SIPP or SSAS? Why it’s not always clear
Paul Darvill, Director, Talbot and Muir, presents an example where while, at first, one option seemed the right one to take… it wasn’t that simple
SIPP and SSAS are seen by some to be in direct competition with each other, but this really shouldn’t be the case. Whether a SIPP or SSAS is an appropriate pension vehicle for each client, or set of clients, is a decision that should always be made on a case by case basis.
Engaging with a provider experienced in assisting with looking at the merits of each option can be key to deciding which route to go down. Whilst a provider cannot give any advice, early discussions can make the ultimate decision a lot easier and clearer to arrive at.
In the following case study we look at what initially seemed to be a clear decision but without further detailed assessment could easily have ended up being the wrong one.
Case study: The scenario
The Barnes family run a transport firm, and the majority of the family work within the business. However one son, James, works as an accountant in the City, albeit he does assist with the accounts for the family firm. Apart from this he isn’t otherwise involved in the day to day running of the business. The remainder of the family carry out various roles within the firm, including senior management, marketing and administrative positions. The head of the family and majority owner of the company, George, is nearing his 65th birthday and is thinking about his future and how he can start to take a step back from the day-to-day running of the company. The family members have accumulated varying levels of pension savings in their respective arrangements. James has substantial pension savings through the accountancy practice he works for, and would like to assist the family business as it is looking to expand and as such requires a bigger yard in which to store their fleet of vehicles and house a single new office from which the firm can operate. To date, the firm has been working out of various rented properties spread across the City.
James suggested to the family that their first step should be to engage with an FCA regulated financial adviser to establish the best way to raise funds to buy a plot of land that they have found, which they believe will meet the needs of the business moving forwards. The first meeting with the financial adviser only involved James, George and Alice (who is George’s wife). The number of family members attending the initial meeting was kept deliberately small to ensure that the meeting stayed focussed throughout on the matter in hand.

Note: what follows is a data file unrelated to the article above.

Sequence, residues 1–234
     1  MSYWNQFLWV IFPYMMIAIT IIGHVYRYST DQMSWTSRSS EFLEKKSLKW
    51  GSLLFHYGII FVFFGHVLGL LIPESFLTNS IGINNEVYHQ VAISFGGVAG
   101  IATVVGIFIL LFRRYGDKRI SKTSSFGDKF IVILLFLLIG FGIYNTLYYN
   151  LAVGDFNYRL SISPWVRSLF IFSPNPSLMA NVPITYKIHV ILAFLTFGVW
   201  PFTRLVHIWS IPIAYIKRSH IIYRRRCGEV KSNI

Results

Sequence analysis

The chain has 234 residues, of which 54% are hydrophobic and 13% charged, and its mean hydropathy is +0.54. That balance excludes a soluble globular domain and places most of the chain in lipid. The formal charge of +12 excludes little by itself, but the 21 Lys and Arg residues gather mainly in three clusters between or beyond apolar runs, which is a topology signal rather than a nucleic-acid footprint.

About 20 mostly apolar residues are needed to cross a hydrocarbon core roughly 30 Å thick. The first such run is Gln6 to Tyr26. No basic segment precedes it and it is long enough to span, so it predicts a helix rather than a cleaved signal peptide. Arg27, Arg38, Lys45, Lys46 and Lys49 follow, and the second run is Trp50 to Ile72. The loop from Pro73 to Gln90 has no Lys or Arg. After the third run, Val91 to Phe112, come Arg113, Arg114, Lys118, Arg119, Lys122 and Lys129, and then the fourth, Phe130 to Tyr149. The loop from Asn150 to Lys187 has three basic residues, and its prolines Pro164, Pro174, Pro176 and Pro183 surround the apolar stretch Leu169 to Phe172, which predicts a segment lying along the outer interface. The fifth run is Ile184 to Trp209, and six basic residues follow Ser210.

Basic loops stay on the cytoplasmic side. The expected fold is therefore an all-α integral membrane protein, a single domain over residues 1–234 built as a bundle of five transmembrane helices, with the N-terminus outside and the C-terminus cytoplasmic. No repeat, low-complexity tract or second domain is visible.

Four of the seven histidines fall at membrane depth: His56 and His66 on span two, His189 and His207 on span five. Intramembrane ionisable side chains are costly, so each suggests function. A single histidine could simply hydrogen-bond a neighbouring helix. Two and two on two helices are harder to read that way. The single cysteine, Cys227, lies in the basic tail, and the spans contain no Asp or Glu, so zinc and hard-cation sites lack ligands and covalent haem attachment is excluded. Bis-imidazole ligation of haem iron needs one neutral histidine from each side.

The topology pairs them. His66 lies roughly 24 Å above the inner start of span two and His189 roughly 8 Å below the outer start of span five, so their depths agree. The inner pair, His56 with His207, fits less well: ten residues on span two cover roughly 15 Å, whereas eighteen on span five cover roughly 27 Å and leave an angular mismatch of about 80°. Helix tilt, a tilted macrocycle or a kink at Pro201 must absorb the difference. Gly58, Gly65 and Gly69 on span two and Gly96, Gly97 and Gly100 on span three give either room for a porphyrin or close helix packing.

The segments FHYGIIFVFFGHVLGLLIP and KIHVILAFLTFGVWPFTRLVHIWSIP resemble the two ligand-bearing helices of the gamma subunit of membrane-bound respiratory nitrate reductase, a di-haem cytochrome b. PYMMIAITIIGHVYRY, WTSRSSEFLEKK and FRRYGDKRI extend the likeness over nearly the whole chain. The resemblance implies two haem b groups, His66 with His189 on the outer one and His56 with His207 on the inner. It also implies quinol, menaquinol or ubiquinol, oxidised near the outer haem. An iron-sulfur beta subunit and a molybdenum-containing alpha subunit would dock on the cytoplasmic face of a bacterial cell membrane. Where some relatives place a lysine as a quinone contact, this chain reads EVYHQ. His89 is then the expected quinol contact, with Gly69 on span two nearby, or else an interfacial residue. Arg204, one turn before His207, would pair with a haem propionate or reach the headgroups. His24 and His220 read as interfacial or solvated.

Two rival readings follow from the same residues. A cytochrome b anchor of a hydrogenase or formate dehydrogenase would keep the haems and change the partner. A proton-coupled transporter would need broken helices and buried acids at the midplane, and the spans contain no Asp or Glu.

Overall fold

The initial assessment was that a SSAS would be the ideal pension vehicle to fund the purchase, as all seven family members could join the scheme. The membership can also include James who is permitted to join the SSAS even though he isn’t an employee of the family firm who are acting as the sponsoring employer to the SSAS.
However, discussions are then widened out to include the rest of the family, and although some members were happy to pool their funds as the investment options were discussed, it soon became clear that the risk profiles of the potential members differed greatly. Those with the smaller funds who were in the early stages of pension saving didn’t want to take too much risk, whereas others wished to invest more speculatively.
The financial adviser was then engaged to complete a full fact find and risk profile analysis with all the family members, and although this was time consuming it was necessary to establish if a SSAS really was a viable option for the family. The financial adviser made it clear that a SSAS wasn’t the only option available, and indeed a SSAS could be established for the benefit of some family members, but not others. Other personal pension options, including SIPPs, could be considered for those family members for whom pooling both assets and risk was not appropriate at the present time. It was also noted that not joining the SSAS now didn’t preclude those individuals from joining at a later date should their circumstances warrant this further down the line.
This outcome worked well for all. George, James, Alice and another son, Chris combined their pensions into the firm’s SSAS, using these funds to purchase the land, and renovate the office to make it suitable for use as the firm’s place of business. The firm will pay a market rent to the SSAS, increasing the liquidity in the fund. The remainder of the funds, together with the ongoing rental payments, are invested into a discretionary investment portfolio, which both offers a diversified investment strategy for the SSAS, and aims to build funds sufficient to pay George an income in the next 5-10 years when he steps down from full-time work.
The remaining family members were all provided with their own individual pensions and investment advice to match their personal risk profiles, which as mentioned above differed significantly from their parents and other siblings. As they get older, they may choose to join the SSAS or may continue to invest in their existing personal arrangements.
The whole family will need have their investment strategies and retirement plans reviewed on a regular basis to ensure their needs and risk profiles continue to be met. Retirement planning isn’t a one off decision and the SIPP or SSAS conundrum can produce varying outcomes at differing stages of an individual’s life.
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